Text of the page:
Protest, public hearing over Wayzata school rezoning

The Wayzata School District held a public hearing the same day opponents protested the rezoning of Greenwood Elementary School in Plymouth, Minn. on Tuesday.

Under a current proposal, starting in 2016, children living in a neighborhood connected by a path to Greenwood could instead be taking a bus 2 1/2 miles away to Oakwood Elementary or to the district's new elementary school set to open in 2016. Some students chose to walk or bike to school on Tuesday in protest over the new plan.

First-grader McKanna Redman looks forward to walking to Greenwood every day.

"It's really fun because I can go with the dogs and people that live right by my house," she said.

The school is just around the corner from her home, but the proposed boundary changes could mean she'll soon have to hop a bus to a new school across Highway 101 or 55 at least 2 miles away.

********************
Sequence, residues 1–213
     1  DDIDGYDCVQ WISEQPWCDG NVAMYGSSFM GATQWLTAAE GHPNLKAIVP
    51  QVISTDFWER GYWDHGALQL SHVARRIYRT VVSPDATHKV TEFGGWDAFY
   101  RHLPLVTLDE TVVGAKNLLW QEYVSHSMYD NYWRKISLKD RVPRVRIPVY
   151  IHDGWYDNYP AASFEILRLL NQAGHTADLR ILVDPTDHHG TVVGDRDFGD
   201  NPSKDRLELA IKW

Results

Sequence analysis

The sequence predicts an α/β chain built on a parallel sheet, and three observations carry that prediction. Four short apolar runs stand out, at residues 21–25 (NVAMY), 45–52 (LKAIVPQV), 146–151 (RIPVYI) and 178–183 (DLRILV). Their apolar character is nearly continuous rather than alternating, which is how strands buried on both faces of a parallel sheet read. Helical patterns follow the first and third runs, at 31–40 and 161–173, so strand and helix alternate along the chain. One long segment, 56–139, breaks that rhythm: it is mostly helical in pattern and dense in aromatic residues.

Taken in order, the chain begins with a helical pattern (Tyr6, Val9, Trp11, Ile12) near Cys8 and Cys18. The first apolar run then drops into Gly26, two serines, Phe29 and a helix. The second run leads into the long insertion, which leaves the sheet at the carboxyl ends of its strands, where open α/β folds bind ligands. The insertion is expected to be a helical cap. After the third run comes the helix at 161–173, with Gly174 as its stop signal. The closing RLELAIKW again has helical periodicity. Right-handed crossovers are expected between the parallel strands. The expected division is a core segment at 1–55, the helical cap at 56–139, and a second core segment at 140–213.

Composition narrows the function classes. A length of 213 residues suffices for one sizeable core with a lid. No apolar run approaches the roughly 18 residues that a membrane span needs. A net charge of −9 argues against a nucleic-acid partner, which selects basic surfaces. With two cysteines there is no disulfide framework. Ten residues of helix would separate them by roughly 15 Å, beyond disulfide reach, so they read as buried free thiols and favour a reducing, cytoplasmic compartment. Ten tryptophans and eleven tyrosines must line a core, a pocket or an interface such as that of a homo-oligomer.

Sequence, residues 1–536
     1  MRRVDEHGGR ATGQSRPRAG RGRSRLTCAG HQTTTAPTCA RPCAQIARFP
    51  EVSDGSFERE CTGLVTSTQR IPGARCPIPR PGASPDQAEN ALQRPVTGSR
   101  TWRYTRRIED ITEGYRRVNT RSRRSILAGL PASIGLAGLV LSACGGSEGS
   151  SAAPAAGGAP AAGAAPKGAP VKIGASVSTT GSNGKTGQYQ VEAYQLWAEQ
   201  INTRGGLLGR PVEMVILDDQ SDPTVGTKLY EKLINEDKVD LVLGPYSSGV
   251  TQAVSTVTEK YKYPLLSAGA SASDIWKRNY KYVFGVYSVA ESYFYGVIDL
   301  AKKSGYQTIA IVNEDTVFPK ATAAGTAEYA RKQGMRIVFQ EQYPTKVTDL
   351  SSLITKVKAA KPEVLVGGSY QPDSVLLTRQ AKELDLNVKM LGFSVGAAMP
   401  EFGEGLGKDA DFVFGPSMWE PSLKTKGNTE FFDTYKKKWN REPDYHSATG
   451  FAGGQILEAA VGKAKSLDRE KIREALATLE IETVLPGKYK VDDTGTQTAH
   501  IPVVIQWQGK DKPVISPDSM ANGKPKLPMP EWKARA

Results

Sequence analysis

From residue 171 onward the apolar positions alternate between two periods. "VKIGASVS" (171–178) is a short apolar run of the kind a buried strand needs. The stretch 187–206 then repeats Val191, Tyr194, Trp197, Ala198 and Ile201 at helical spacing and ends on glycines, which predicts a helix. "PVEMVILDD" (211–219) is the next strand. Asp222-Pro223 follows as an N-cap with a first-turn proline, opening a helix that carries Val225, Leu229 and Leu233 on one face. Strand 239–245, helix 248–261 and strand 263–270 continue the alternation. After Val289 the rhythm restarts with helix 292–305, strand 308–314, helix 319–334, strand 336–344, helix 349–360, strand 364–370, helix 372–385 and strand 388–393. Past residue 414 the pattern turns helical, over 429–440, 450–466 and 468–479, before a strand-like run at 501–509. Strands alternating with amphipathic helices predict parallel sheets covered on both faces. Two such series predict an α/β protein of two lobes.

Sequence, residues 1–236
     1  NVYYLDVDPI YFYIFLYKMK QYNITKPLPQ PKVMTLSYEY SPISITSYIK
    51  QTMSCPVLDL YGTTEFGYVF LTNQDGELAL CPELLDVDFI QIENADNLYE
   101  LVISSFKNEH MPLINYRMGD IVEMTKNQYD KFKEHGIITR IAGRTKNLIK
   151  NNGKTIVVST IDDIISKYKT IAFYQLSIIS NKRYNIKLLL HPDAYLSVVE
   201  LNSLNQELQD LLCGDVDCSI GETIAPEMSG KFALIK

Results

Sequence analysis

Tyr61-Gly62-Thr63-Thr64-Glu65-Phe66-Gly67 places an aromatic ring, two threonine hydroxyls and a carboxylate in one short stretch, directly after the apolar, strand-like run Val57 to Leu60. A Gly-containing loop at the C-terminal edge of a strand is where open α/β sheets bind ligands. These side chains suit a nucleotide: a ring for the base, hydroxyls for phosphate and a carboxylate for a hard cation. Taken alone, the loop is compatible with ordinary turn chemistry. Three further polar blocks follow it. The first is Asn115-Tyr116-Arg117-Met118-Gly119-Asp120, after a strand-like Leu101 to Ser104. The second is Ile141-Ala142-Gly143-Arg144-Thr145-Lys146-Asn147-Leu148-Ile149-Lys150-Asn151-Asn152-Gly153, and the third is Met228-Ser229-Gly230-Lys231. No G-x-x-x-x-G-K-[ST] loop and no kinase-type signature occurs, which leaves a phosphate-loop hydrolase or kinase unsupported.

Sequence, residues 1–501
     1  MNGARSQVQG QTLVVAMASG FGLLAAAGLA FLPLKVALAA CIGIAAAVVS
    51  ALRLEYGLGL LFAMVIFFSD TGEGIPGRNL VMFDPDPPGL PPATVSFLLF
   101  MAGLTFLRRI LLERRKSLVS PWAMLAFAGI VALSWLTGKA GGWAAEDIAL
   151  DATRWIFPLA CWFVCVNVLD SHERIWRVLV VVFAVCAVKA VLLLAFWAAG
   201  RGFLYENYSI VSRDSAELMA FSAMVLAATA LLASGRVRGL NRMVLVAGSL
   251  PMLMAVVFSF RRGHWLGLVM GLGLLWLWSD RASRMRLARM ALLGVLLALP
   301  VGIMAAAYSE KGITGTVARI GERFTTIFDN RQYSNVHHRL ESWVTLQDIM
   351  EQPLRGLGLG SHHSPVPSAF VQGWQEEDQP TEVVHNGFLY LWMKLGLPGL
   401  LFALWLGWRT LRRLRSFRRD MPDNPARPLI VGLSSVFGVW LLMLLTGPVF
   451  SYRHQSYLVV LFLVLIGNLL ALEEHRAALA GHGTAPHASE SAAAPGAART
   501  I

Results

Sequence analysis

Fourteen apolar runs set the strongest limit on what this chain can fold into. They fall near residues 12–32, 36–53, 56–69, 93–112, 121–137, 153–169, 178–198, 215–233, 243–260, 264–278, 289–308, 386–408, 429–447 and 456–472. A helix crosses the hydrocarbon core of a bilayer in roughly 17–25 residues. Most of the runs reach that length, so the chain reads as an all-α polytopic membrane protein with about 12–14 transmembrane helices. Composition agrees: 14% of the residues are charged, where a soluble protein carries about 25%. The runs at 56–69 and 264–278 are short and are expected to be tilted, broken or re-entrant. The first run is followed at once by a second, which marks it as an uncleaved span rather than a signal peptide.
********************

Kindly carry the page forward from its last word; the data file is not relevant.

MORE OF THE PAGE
"She can walk home from Greenwood right now, and we can meet her right now or something like that but to me the biggest thing is safety," her mom Michele Redman said. She just got the news last week.

"I didn't sleep well that night because McKanna's established there now and she loves it there, we love it there, we're comfortable there. It's a great grade school and it's nice to be able to walk your daughter to school in the morning."

MORE - Wayzata school rezoning defies logic for some parents

Wayzata's boundary change proposal is also befuddling parents who have children in sixth-grade and would have their middle school careers disrupted. Under the proposed boundaries, those students would be forced to finish that last year of middle school at a new school.

Board members said the current boundaries are no longer sustainable, and some of them, who also have children in the district, said the suggested changes would accommodate for population growth expected over the next 5 years, balance class size and balance school capacity throughout the district. While parents are fired up, board members insisted they're looking for the optimal situation for all families.

The district expects to add 500 to 1,000 kids over the next 5 years. Board members said without the rezoning, it would be difficult to maintain a balance without making some difficult changes, especially considering the addition of that eighth elementary school in 2016.

What's next

Thursday, June 4: Wayzata School Board work session to review public comments

Monday, June 8: Possible vote on boundary recommendations
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